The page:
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VINCENT INGINO, INC. v. CERTIFIED PREFERRED

UNITED STATES DISTRICT COURT, EASTERN DISTRICT OF NEW YORK.


October 11, 1963.

Vincent Ingino, Inc., Plaintiff
v.
Certified Preferred, Inc., and Local Union 282, et al., Defendants.

The opinion of the court was delivered by: RAYFIEL

RAYFIEL, J.: The plaintiff, with the consent of the defendant Local Union 282, has made an oral motion to remand this case to the Supreme Court of the State of New York, County of Queens.

The plaintiff commenced the action in the aforesaid Court to enjoin the defendants from breaching a certain agreement dated August 7, 1961 between the defendant Certified and the plaintiff herein, wherein and whereby the plaintiff agreed to purchase and the defendant Certified agreed to sell a minimum of 600,000 cubic yards and maximum of 750,000 cubic yards of a base material for roads known as bankrun during the period beginning September 1, 1961 and terminating on March 1, 1964. The complaint alleged that the defendant Certified "without any reason or explanation, and without just cause therefor, notified the plaintiff that commencing October 7, 1963 it would not sell to the plaintiff the material covered by the said agreement between them as set forth in paragraph 7 hereof, although the plaintiff has duly performed all of the terms of the said agreement with the defendant Certified.

"That defendant Certified further notified the plaintiff that the former's refusal to perform obligations under the said contract between them is based solely on the request and final notice of defendant Union to the effect that if defendant Certified sells any further materials on or after October 7, 1963 to plaintiff, the defendant Union will instruct its members who are in the employ of defendant Certified to refused (sic) to operate defendant Certified's vehicles. That upon information and belief such orders have already been issued and (sic) by the defendant Union to its members in the employ of Certified."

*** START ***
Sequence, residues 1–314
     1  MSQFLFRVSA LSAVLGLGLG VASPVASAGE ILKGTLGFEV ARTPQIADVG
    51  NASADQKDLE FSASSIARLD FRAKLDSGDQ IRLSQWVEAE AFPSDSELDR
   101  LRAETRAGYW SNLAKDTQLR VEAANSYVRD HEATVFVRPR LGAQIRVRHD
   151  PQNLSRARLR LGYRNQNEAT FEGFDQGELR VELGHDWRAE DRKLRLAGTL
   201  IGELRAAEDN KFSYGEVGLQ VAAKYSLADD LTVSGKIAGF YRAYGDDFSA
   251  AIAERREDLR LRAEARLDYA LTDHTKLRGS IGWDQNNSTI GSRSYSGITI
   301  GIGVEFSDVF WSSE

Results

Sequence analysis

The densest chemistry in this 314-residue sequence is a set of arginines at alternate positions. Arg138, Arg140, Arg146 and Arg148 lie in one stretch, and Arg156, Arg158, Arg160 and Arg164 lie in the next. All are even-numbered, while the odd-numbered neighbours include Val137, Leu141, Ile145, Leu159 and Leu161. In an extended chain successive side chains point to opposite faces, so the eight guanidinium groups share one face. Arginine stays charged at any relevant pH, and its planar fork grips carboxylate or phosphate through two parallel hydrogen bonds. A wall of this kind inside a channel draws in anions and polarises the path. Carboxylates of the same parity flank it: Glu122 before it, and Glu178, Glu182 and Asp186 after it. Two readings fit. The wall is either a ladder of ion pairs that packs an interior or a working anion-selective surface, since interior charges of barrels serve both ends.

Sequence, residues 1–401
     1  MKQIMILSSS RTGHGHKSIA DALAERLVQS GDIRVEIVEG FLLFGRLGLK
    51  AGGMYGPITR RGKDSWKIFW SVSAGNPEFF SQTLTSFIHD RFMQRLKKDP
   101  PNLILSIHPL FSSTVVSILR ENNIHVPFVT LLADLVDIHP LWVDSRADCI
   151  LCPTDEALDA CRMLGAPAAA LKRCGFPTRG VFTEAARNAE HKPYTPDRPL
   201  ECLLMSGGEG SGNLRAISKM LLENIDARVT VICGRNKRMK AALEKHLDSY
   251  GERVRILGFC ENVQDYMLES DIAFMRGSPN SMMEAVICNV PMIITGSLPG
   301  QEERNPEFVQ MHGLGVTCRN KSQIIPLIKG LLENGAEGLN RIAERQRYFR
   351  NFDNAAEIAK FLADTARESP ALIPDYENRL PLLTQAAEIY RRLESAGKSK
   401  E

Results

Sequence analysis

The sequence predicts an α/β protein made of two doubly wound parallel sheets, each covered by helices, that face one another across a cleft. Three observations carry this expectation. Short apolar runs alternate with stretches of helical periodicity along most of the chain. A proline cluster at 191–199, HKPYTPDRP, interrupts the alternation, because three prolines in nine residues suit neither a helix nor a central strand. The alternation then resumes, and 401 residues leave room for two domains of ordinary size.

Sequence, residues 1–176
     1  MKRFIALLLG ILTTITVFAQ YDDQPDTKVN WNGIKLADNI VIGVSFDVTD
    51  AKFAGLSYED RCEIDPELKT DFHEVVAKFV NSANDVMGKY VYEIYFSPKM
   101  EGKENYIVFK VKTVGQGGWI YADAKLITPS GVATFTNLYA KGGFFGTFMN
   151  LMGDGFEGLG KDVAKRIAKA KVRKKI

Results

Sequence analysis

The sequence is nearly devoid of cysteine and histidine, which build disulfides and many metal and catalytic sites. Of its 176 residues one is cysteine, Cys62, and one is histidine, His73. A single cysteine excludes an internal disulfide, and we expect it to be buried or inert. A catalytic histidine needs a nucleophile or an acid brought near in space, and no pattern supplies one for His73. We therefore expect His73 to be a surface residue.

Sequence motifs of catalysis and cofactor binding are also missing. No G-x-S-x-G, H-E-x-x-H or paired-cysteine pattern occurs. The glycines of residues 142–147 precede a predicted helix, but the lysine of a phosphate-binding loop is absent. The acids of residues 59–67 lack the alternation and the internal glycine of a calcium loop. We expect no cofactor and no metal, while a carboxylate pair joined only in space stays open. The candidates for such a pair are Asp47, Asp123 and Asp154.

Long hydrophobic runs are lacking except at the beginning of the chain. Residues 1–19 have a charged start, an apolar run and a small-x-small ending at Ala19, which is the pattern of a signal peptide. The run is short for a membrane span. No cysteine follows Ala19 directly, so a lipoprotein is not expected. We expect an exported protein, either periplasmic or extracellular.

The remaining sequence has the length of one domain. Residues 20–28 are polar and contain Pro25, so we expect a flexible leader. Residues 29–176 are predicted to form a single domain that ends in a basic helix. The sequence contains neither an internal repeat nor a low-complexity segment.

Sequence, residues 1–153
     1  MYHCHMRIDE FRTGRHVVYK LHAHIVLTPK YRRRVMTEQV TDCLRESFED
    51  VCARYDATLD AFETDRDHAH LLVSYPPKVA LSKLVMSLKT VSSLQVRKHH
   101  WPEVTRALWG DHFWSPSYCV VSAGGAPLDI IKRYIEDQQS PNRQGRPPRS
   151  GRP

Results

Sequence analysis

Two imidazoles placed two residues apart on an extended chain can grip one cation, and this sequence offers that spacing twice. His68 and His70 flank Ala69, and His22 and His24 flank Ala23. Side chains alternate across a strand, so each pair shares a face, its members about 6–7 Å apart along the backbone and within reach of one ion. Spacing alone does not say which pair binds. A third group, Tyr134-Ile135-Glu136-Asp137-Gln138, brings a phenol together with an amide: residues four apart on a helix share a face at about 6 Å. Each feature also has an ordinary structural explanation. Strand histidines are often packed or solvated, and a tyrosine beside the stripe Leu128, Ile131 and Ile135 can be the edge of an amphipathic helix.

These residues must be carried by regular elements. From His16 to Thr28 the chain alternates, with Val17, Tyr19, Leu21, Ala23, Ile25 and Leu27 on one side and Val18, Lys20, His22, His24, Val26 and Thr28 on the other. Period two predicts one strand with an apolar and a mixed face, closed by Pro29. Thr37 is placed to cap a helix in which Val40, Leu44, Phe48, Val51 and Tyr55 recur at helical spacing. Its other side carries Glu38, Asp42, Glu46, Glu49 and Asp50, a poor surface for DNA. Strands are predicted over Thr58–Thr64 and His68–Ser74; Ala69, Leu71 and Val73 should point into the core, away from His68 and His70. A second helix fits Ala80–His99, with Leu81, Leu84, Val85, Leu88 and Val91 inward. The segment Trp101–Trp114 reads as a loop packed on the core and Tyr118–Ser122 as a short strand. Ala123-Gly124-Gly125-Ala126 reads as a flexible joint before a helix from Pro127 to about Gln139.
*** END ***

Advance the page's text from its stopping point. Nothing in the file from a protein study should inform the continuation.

The defendant Local Union 282 by petition dated October 8, 1963 removed the case to this Court on the ground that the allegations of the complaint "would, if true, constitute a violation of Section 8(b)(4) of the National Labor Relations Act, as amended, 29 U.S.C. 158(b)(4), and would therefore constitute the statement of a claim pursuant to Section 303 of the Labor Management Relations Act of 1947, as amended, 29 U.S.C. Section 187. The above described action is therefore a civil action over which this Court has original jurisdiction under the provisions of 29 U.S.C., Section 187(b), and 28 U.S.C. Sections 1331 and 1337...." The plaintiff contends that there is no labor dispute as contemplated by the National Labor Relations Act or the Labor Management Relations Act and that this case should be remanded to the Supreme Court of the State of New York, County of Queens, where it was commenced. It is the contention of the defendant Local Union 282 that the complaint describes "the classic example of a secondary boycott" which is an Unfair Labor Practice under Section 158(b)(4) of Title 29, U.S.C. Sec. 8(b)(4) of the National Labor Relations Act.